In Starychi, Ukraine, at the International Peacekeeping and Security Center (IPSC), a multinational effort is underway as American, Canadian, and Lithuanian troops have converged to provide training for our Ukrainian allies. The training focuses on basic soldiering skills and common infantry maneuvers.
This training has thus far been a success. The international effort has efficiently re-cast the die of the Ukrainian military, and is steadily fostering a new and wholly more competent force than the one that encountered Russian-backed belligerents in early 2014.
The United States-led mission is providing Ukraine with advisors who have been recently battle-tested in the theaters of the Global War on Terrorism (GWOT), and those instructors are consequently providing Ukraine with realistic training based on the hard lessons they’ve learned. This training has armed the Ukrainian soldier with in-ranks competencies for a much more capable and professional force. The overall plan has been designed to empower Ukrainian forces with the skills necessary to defend themselves.
This training is part of a much larger, multinational effort of thus far 18 participating nations: Ukraine, the United States, Belgium, Bulgaria, Canada, Estonia, Georgia, Germany, Great Britain, Latvia, Lithuania, Moldova, Norway, Poland, Romania, Spain, Sweden, and Turkey. It is important to recognize that this action has come as a result of multiple requests by the government of Ukraine.
Current training has metamorphosed from its brass-tacks training, which was initially imagined as a ramped-up basic, since Ukraine has proven to have an abundance of combat-experienced troops. They’re experienced, but they still lack true war-fighting skills. The Ukrainian military, though brave in combat, has been lacking the training and know-how of basic soldiering principles as explored in the earlier SOFREP series “Fallout: Ukraine.”
The mission, therefore, has accordingly realigned its organizational structure. The advisors are now providing a mission focus beyond the fundamentals, instead providing Ukrainian soldiers with mission-oriented training that focuses on the threats and hazards specifically encountered in eastern Ukraine.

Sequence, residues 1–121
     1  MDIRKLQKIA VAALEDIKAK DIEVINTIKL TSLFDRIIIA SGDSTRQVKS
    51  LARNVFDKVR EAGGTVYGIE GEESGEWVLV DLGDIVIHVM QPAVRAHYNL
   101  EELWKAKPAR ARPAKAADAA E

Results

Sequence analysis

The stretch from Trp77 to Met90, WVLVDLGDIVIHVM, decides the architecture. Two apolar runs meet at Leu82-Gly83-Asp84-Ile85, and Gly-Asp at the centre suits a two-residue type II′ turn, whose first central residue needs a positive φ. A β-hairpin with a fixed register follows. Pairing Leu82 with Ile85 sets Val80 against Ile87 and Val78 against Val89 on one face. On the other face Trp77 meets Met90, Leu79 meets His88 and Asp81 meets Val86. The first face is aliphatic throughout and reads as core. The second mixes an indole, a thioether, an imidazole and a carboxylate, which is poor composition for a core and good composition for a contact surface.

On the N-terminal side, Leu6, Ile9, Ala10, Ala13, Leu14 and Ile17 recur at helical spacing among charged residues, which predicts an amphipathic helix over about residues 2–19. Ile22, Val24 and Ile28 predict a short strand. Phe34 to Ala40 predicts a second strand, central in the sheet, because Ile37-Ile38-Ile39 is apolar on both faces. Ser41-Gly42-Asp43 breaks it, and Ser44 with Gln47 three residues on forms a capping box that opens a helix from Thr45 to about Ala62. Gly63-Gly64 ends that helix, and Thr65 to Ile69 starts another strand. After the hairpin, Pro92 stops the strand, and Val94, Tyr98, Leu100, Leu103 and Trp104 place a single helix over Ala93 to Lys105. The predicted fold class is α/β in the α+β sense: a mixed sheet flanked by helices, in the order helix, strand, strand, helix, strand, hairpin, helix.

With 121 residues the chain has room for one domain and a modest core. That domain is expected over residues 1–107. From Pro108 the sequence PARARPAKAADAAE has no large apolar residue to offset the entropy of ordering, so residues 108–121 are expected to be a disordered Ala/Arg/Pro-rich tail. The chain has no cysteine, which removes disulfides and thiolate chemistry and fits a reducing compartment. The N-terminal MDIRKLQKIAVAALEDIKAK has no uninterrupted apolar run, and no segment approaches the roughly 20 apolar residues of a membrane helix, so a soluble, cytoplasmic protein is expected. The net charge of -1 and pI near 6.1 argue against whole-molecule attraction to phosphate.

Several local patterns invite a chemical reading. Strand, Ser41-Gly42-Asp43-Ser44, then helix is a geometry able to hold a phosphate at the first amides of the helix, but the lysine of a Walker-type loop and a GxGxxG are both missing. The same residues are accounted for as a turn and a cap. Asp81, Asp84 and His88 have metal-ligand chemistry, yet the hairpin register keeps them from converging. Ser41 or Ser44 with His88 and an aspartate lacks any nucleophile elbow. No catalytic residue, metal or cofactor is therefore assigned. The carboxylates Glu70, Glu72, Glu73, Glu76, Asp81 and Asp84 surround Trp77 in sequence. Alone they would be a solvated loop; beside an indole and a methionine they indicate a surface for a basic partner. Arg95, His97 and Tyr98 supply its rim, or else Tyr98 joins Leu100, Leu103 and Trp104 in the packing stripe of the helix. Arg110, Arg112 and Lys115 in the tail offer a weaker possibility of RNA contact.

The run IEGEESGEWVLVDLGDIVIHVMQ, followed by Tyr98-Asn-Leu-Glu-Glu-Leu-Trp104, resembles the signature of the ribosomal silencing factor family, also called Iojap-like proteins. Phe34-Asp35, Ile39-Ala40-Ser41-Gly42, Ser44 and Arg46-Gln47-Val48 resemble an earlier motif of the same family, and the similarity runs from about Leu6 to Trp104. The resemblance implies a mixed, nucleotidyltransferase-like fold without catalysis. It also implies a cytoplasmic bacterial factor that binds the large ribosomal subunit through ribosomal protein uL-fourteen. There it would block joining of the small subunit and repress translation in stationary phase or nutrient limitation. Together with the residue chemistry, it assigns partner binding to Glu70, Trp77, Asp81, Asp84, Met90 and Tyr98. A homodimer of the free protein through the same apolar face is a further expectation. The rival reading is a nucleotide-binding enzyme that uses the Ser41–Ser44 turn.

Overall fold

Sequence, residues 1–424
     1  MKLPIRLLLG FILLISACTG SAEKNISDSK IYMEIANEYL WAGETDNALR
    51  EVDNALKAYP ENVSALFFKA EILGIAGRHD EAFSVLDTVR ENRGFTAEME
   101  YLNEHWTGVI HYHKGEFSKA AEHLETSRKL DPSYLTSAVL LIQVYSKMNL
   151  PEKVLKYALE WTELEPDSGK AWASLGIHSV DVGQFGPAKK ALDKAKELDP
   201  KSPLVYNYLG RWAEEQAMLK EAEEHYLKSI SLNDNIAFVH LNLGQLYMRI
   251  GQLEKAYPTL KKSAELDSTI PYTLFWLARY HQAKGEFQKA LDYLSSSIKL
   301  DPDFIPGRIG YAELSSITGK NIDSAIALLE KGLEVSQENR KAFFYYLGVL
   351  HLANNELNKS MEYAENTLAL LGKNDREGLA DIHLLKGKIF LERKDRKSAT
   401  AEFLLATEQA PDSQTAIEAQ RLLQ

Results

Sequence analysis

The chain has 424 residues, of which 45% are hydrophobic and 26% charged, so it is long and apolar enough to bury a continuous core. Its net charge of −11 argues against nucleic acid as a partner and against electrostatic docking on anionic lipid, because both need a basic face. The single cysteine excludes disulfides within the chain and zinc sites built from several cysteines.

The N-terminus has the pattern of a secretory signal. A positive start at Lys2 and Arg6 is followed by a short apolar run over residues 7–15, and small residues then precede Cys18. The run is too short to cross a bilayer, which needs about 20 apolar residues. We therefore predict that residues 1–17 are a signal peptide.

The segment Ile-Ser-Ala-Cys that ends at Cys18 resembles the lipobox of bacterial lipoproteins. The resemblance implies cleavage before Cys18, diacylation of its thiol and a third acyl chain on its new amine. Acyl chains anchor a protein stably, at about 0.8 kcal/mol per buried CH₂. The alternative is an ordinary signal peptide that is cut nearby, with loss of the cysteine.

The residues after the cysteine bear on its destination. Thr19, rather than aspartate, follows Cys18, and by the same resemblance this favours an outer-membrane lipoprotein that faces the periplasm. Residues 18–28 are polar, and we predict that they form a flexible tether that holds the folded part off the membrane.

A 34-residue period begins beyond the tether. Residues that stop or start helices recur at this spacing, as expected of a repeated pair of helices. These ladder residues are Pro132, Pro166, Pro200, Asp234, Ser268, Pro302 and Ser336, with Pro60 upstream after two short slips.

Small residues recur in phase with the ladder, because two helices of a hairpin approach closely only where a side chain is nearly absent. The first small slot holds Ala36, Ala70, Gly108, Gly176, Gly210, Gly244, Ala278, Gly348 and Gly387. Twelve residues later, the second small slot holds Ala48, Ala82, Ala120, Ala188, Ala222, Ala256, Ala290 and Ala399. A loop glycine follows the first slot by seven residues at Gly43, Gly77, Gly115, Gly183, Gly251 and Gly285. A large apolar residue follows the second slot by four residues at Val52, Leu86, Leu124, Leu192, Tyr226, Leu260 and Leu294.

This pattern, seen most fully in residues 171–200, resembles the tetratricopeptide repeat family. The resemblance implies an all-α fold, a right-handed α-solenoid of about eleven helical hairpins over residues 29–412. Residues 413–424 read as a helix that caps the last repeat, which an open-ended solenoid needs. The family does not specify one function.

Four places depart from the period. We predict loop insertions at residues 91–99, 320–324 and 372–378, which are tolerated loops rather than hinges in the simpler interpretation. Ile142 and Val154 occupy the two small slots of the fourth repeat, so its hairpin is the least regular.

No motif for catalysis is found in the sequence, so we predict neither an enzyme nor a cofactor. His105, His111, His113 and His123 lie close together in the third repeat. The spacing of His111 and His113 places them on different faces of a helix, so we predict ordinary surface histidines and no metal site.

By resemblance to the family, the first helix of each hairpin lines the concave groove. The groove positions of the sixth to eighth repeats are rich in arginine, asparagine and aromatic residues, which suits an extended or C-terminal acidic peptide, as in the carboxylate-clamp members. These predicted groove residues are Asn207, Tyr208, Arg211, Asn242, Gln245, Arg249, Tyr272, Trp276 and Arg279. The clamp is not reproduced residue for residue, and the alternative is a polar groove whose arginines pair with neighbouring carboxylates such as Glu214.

This training and the ongoing mission is critical to the safety, security, and stability of America and our allies. Russian aggression continues to manifest, first in Georgia, now in the Arctic and Syria. In 2014, the Russian Federation, boldly and wholly unrestrained, annexed Crimea and then followed up with a middle finger to the world by way of a deliberate attempt to destabilize Ukraine—rustling the eastern region of the country. Hostilities in eastern Ukraine, Georgia, and Crimea have proven that Europe is not stable, nor is it secure from Russian aggression and encroachment.
Russia grows bolder with its deployment of forces and the acquisition of its toehold base in Syria, another area of the world many Americans regard with a “not my problem” mentality. This will, in time, bite every single naysayer in the ass. Despite the post-Cold-War hype, Russia is neither our partner nor our ally, and continues to prove itself on the global stage as an adversary to global stability. The NATO field manuals and operational guidelines will need to be revisited as the hazy delusion of the European Union cracks under its own internal pressures, and the giant in Moscow emerges again to prey on a squabbling fantasy land of bureaucracy in Europe.
Currently, our best hope for maintaining regional security lies in the vested interest of the United States and its partners in Eastern Europe, established after the Cold War. The robust defensive posture of the United States and its regional allies are key to the future of European security, once a requirement of NATO countries. This is a duty and a responsibility being undertaken by burgeoning NATO members such as Lithuania, Romania, and Ukraine.